What's your opinion of business ethics?

June 9, 2009 1:26am CST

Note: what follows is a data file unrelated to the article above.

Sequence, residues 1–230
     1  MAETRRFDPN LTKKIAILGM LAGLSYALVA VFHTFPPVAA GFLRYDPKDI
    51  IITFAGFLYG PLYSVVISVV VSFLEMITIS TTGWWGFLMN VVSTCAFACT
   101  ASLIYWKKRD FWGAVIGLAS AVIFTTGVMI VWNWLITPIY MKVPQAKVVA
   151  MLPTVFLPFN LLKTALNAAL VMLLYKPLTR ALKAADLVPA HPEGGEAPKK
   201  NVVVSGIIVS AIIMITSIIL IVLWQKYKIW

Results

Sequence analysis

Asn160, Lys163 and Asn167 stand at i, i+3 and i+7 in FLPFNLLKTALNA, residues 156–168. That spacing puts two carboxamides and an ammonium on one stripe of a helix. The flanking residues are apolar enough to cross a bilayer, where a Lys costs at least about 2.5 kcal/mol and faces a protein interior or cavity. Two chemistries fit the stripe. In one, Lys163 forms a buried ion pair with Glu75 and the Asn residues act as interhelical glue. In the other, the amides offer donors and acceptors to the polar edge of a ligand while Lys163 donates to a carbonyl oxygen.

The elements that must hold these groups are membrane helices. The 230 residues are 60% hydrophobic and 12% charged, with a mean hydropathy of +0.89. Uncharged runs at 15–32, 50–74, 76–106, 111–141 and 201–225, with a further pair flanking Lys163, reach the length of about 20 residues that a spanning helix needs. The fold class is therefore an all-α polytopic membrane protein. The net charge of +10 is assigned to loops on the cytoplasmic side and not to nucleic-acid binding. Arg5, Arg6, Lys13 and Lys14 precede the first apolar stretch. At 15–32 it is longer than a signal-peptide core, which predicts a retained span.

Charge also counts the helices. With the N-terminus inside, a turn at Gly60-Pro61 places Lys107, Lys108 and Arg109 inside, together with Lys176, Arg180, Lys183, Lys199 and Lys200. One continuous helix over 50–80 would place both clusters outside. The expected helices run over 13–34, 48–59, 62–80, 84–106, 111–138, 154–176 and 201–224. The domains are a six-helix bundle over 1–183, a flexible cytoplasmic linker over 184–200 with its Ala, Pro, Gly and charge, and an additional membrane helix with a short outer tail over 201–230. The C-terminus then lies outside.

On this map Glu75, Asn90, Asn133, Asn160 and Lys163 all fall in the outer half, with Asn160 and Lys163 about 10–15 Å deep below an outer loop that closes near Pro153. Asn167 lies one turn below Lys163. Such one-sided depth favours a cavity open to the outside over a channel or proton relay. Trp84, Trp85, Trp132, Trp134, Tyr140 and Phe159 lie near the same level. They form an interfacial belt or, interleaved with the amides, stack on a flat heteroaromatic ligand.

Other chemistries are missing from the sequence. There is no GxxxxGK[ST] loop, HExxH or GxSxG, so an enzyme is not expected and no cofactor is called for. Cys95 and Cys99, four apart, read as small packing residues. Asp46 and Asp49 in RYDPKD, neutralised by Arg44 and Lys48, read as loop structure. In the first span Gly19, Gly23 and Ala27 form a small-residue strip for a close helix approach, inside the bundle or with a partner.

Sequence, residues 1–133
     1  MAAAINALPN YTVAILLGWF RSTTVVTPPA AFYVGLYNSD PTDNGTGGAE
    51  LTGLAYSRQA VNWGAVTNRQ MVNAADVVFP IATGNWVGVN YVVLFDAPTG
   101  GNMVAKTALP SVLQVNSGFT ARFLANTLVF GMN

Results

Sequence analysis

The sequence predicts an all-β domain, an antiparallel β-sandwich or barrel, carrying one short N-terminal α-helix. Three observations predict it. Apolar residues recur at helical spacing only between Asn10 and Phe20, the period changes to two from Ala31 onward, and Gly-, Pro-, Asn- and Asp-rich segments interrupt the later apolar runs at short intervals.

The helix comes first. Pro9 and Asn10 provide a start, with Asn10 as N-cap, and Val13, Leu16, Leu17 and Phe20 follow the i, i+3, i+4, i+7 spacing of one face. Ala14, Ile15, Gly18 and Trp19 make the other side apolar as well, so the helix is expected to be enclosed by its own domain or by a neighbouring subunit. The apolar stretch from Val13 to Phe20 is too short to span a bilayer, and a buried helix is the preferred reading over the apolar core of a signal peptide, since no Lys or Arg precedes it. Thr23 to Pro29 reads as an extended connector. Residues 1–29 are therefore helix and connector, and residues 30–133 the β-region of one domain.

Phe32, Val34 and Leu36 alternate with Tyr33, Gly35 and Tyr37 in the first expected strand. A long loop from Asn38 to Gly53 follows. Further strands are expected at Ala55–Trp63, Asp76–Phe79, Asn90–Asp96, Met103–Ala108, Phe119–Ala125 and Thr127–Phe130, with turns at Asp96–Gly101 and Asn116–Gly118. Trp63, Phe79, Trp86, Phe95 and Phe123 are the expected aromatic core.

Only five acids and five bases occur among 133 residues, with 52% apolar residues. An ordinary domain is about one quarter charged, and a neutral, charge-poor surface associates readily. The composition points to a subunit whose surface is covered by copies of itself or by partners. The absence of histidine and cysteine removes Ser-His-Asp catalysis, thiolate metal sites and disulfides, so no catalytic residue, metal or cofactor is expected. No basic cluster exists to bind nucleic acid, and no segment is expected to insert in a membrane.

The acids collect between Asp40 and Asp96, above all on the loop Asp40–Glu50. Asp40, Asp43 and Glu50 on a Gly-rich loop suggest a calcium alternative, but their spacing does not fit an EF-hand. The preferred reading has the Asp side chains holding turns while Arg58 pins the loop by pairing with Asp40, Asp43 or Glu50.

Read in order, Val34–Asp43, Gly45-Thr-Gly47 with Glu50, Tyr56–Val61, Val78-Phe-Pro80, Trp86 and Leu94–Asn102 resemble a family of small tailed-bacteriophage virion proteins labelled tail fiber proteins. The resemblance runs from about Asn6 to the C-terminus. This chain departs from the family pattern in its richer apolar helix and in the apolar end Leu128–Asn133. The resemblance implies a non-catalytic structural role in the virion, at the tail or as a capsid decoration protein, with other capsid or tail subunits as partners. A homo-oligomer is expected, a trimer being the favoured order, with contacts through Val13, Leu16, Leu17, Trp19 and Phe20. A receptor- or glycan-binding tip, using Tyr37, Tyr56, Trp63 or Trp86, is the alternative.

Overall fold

Amitai Etzioni is not surprised by the latest heading about corporate crooks.As a visiting professor at the Harvard Business School in 1989,he ended his work there disgusted with his students' overwhelming lust for money."They're taught that profit is all that matters,"he says,"Many schools don't even offer ethics course at all." Etzioni expressed his frustration about the interests of his graduate students."By and large,I clearly had not found a way to help classes full of MBAs see that there is more to life than money,power,fame and self-interest,"he wrote at the time.Today he still takes the blame for not educating these "business-leader-to-be."I really feel like I failed them,"he says,"if I was a better teacher maybe I could have reached them." Etzioni was a respected ethics expert when he arrived at Harvard.He hoped his work at the university would give him insight into how questions of morality could be applied to places where self-interst flourished.What he found wasn't encouraging.Those would-be executives had,says Etzioni,little interest in concepts of ethics and morality in the boardroom-and their professor was met with blank stares when he urged his students to see business in new and different ways. Etzioni sees the experience at Harvard as an eye-opening one and says there's a lot about business schools that he'd like to change."A lot of the faculty teaching business are bad news themselves,"Etzioni says.From offering classes that teach students how to legally manipulate contracts,to reinforcing the notion of profit over community interests,Etzioni has seen a lot that's left him shaking his head.And because of what he's seen taught in business schools,he's not surprised by the latest rash of corporate scandals."In many ways things have got a lot worse at business schools,I suspect,"says Etzioni. Etzioni is still teaching the sociology of right and wrong and still calling for ethical business leadership."People with poor motives will always exist,"he says."Sometimes environments constrain those people and sometimes environments give those people oppotunity."Etzioni says the booming economy of the last decade enabled those individuals with poor motives to get rich before getting in trouble.His hope now:that cries for reform will provide more fertile soil for his longstanding messages about business ethics.
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